When Gov. Eric Holcomb presented his agenda earlier this month, not everyone was on board.
In particular, some Democrats questioned new dollars for the Indiana Economic Development Corp., a quasi-public agency that isn’t beholden to the same public reporting and transparency rules as other government agencies.
“We just continue to give them a blank check … to me, there isn’t any accountability,” Rep. Greg Porter, D-Indianapolis, said during the presentation. “I don’t mind us investing in the economy; I don’t mind us trying to create jobs. But what are the results of that money?”
But Republicans, who had issues with other parts of Holcomb’s agenda, didn’t share those reservations.
“You’ve got to have opportunities for these kids to stay and those investments … that’s what provides opportunities for the jobs for these kids to finish school and stay here,” Sen. Ryan Mishler, R-Mishawaka, said.
Stakeholders in the business community say these expenditures are necessary to keep Indiana competitive in the national job market, especially as Indiana pivots from manufacturing to the “economy of the future.” Those industries — electric vehicles, semiconductors, agricultural technology — will need incentives to come to the Hoosier state.
Previous years of investments
In the 2022 legislative session, the General Assembly approved Senate Bill 361, which “modernized” the agency’s toolkit by dictating its requirements for local involvement and expanded tax credits.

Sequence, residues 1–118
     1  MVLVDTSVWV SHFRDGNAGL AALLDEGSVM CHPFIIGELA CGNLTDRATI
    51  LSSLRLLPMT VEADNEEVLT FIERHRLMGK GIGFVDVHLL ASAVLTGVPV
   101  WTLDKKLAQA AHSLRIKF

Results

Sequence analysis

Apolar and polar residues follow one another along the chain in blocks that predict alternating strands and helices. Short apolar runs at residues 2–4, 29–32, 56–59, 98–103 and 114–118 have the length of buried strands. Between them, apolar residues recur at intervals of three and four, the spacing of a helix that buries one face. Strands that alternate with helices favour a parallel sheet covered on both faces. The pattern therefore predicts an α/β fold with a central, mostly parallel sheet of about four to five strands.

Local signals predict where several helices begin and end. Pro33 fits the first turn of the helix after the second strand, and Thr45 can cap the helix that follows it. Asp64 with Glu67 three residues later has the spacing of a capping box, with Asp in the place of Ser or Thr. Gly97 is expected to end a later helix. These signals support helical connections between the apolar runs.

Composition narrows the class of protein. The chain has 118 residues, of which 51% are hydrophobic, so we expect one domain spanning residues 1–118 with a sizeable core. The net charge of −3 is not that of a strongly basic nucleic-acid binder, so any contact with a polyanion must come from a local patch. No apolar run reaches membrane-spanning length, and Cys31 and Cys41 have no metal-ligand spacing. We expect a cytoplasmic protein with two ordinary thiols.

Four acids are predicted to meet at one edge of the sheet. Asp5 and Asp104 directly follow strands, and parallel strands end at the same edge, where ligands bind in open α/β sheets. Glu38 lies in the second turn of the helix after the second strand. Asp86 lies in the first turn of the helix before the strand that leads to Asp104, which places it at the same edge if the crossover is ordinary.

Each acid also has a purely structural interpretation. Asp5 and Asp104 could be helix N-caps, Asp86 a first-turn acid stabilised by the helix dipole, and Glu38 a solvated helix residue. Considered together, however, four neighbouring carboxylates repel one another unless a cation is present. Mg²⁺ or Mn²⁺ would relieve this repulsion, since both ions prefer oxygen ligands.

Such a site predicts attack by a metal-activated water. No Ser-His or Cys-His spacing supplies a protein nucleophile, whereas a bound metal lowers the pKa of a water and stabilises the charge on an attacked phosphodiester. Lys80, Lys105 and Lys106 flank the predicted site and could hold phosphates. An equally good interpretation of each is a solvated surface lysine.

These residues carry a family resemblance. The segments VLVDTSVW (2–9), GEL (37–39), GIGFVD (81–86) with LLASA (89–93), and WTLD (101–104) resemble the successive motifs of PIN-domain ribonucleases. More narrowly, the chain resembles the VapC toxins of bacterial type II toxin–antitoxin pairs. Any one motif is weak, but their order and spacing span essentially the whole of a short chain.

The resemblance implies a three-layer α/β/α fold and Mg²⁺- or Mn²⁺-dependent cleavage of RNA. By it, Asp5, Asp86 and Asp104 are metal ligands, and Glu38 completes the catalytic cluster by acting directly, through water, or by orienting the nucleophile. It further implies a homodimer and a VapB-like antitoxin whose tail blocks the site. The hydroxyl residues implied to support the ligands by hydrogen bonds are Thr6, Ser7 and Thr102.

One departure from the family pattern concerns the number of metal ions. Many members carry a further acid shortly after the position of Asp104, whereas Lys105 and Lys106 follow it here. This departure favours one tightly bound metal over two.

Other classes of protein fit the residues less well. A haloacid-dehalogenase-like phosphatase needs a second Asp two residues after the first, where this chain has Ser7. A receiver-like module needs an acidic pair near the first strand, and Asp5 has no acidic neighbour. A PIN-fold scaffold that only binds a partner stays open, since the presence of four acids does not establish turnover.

For IEDC Chief Operating Officer and Chief of Staff David Rosenberg, that legislation allowed the quasi-public entity to secure record investments across the state.
“The tools that the legislature passed and approved for us in 2022 are really the framework as we move into 2023 and truly shows how that funding will be used and allocated moving forward,” Rosenberg said.
In 2022, the entity reported more than $22 billion in capital investments from companies, a 260% increase from the previous year. The 24,059 new jobs had an hourly wage of $34.71, almost $10 higher than the state average of $25.12.
Rosenberg argued that the funding suggested in the governor’s 2023 budget is more transparent by specifying funds and their uses.
“We know these tools work; the market is comfortable with these tools, and so it’s time to double down on them and replenish them to make sure we’re being responsive to the needs of the market,” Rosenberg said.
The biggest deal of the year was Eli Lilly’s $2 billion investment in a Boone County LEAP innovation district — which faces opposition from some local landowners worried the project will swallow up the region’s farmland. Most recently, some residents filed a legal complaint seeking to stop the annexation or property incorporated into the district.
The state has been heavily involved with purchasing land for the project and appears to want to continue that trend in future development, asking the legislature for another $150 million to seed a revolving Site Acquisition Fund.
In committee, some lawmakers questioned what a $300 million Deal Closing Fund could pay for that other monies couldn’t. Rosenberg said those expenditures, otherwise known as cash performance grants, were critical to securing $6 billion in investments in 2022.